Table 1

 HIV prevalence (%) for ANC sites with data from 2001 to 2003

Modelled national estimates

A total of 181 site prevalence data points (urban: 126, rural: 55) from all surveillance rounds were available for modelling and projecting HIV related estimates for the years 1982–2008. The modelled adult HIV prevalence estimates for urban (Addis Ababa and other), rural, and all Ethiopia are shown in fig 1A.1 For all Ethiopia, the modelled prevalence curve rises steadily, reaching 4.4% by 2003. The estimated trend in rural Ethiopia parallels that for all Ethiopia, increasing to 2.6% by 2003. Both trends appear to continue until the last projected year, 2008. In contrast, the estimated HIV prevalence for Addis Ababa and other urban areas peaked in 1996 at 15.6% and 12.7%, respectively, before declining slightly to 14.6% and 11.8% by 2003, respectively, suggesting a levelling-off for the following years. The modelled adult HIV incidence for all Ethiopia (fig 1B) shows a steady but slow growth to 0.68% in 2003 and stabilises for the years 2004–08. For rural Ethiopia the modelled HIV incidence suggests a steady increase over the years, reaching 0.46% in 2003, and it is projected to remain at this level in the following years. Mirroring the rapid rise in urban HIV prevalence during the late 1980s and early 1990s, the corresponding HIV incidence for Addis Ababa and other urban areas was estimated at a much higher level during that period, peaking in 1991 at 3.3% and 2.6%, respectively, before declining to 1.4% in all urban areas until 1997, and rising again modestly to 2.0% and 1.7% by 2003 in Addis Ababa and other urban areas, respectively.

Figure 1

 (A) Modelled HIV prevalence in adults aged 15–49 years, Ethiopia, 1982–2008. (B) Modelled HIV incidence in adults aged 15–49 years, Ethiopia, 1982–2008.

The estimated number of people living with HIV/AIDS rises rapidly in both urban and rural Ethiopia for every projected year between 1983 and 2008, driven by the increasing severity of the epidemic and/or population growth. By 2000, the number of people living with HIV/AIDS is estimated to have reached 660 000 and 490 000 in urban and rural areas, respectively, growing to 720 000 and 750 000, respectively, by 2003. The number of new, incident HIV infections shows a continued rise, plateauing only during the mid-1990s. In 2000, 80 000 and 106 000 new HIV infections are estimated to have occurred in urban and rural Ethiopia, respectively, rising to 95 000 and 137 000 in 2003.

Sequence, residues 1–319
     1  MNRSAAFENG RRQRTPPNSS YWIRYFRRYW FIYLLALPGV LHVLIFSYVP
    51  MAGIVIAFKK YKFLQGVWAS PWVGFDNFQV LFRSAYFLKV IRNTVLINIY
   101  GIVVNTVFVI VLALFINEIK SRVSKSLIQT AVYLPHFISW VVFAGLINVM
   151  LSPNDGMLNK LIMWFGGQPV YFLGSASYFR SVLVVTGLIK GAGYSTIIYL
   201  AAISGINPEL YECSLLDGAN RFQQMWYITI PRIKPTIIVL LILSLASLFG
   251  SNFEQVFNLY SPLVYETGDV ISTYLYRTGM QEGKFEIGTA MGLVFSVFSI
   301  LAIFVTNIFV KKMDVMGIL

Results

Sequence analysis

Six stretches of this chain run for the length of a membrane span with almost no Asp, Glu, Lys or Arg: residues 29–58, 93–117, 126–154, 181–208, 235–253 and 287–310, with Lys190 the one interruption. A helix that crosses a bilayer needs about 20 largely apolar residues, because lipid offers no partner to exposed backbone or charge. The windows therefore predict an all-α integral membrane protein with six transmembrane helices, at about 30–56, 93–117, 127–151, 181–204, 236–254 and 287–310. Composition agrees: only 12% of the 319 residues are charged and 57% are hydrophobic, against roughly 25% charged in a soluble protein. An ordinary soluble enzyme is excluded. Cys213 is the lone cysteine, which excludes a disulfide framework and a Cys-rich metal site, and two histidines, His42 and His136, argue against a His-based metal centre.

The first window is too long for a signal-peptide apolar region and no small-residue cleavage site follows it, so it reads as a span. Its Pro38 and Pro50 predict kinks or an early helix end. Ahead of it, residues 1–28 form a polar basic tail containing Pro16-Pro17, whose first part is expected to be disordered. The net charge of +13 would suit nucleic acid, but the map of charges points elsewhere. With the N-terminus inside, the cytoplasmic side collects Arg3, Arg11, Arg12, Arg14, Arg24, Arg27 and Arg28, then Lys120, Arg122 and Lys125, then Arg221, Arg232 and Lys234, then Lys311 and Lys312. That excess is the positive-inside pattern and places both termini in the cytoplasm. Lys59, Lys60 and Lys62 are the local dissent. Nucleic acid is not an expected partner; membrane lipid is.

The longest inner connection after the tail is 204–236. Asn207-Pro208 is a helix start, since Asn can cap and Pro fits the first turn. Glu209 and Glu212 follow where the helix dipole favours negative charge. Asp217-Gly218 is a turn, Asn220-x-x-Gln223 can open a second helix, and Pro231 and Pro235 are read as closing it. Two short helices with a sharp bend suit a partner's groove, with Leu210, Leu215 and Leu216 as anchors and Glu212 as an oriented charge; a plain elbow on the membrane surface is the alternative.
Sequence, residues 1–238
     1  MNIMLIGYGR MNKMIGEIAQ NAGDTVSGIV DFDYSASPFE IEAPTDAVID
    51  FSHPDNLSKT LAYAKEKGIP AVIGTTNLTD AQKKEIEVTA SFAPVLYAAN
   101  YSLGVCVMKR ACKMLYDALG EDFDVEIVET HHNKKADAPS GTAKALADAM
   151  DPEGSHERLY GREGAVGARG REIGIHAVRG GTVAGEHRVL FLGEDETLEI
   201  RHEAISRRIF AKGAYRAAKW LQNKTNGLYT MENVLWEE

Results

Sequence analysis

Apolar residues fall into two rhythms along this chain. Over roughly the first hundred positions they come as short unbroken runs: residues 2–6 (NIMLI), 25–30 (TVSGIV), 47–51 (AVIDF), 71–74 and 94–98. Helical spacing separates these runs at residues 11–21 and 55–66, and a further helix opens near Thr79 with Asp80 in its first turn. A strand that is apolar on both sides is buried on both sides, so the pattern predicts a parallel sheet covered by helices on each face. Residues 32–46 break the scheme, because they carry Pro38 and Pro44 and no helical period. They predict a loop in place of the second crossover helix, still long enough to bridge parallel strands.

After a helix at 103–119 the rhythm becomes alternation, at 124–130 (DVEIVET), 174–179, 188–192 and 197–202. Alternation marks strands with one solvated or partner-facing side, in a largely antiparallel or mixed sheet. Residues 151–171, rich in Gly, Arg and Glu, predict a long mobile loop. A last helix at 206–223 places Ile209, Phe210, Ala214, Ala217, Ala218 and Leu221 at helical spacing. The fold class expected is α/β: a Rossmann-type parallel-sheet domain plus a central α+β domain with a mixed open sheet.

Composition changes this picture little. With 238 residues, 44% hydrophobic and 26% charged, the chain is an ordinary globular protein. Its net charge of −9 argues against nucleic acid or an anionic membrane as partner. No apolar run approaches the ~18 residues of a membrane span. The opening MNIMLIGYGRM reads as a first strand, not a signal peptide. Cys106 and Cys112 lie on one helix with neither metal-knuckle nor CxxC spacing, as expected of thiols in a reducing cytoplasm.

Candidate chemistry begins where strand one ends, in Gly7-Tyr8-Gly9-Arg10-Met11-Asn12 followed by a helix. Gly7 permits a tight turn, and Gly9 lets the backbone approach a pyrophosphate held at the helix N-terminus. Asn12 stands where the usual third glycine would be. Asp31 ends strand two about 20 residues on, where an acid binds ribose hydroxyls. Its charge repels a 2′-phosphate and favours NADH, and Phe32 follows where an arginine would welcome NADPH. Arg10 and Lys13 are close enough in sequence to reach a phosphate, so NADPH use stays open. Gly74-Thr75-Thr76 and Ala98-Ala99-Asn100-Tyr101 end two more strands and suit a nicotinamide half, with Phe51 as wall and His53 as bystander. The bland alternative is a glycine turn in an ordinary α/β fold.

Few data on HIV/AIDS related programmes exist that are suitable for data interpretation, and no trend data on AIDS mortality or behavioural indicators are available. Sales figures for condoms for all Ethiopia show a steady increase throughout the 1990s, reaching 49.9 million in 2000 and peaking at about 67 million in 2002 and 2003 (A Woldu, Addis Ababa, Disease Prevention and Control Department, Ministry of Health, Ethiopia, personal communication, 2005).

Behavioural and mortality data

Between 2002 and 2004, 19 531 clients visited OSSA VCT centre, and 15 534 clients visited Zewditu (age range 15–83 years), both located in Addis Ababa. At both VCT centres, the total number of clients per year rose sharply from 2002 to 2004 (data not shown). Client records were excluded from analysis if the recorded reason for VCT was illness (n = 1256; 3.6%), a repeat HIV test (n = 800; 2.3%), confirming a previous HIV positive result (n = 778; 2.2%), or antiretroviral treatment initiation (n = 12; <0.01%). Also excluded were clients stating that they had never had sex (n = 6815; 19.4%), clients aged ⩾50 years, and records without information regarding use of condoms. All trends reported here were similar for each of the two sites (data not shown). The median age of clients included in the analysis (n = 17 966, all years) was 26 years and 52.9% were men. HIV prevalence declined from 29.1% (2002) to 22.2% (2003) and 14.9% (2004) for adults aged 15–49 years (p<0.001), and from 22.0% to 15.9% and 9.0% (2002–04, p<0.001) for clients aged 15–24 years. The mean number of casual partners reported in the three months prior to testing declined among all clients over the three years from 1.0 to 0.6 (2002–04, p<0.001); a similar decline was seen among 15–24 year old clients alone, falling from 1.5 to 0.6 (p<0.001). However, among all adult clients and those aged 15–24 years alone, the proportion reporting never using condoms consistently exceeded 60%, while the proportion of clients reporting having used condoms at their last sexual intercourse never exceeded 35%. These values did not change significantly over time except for a rising trend among clients aged 25–49 years who reported never using condoms (data not shown).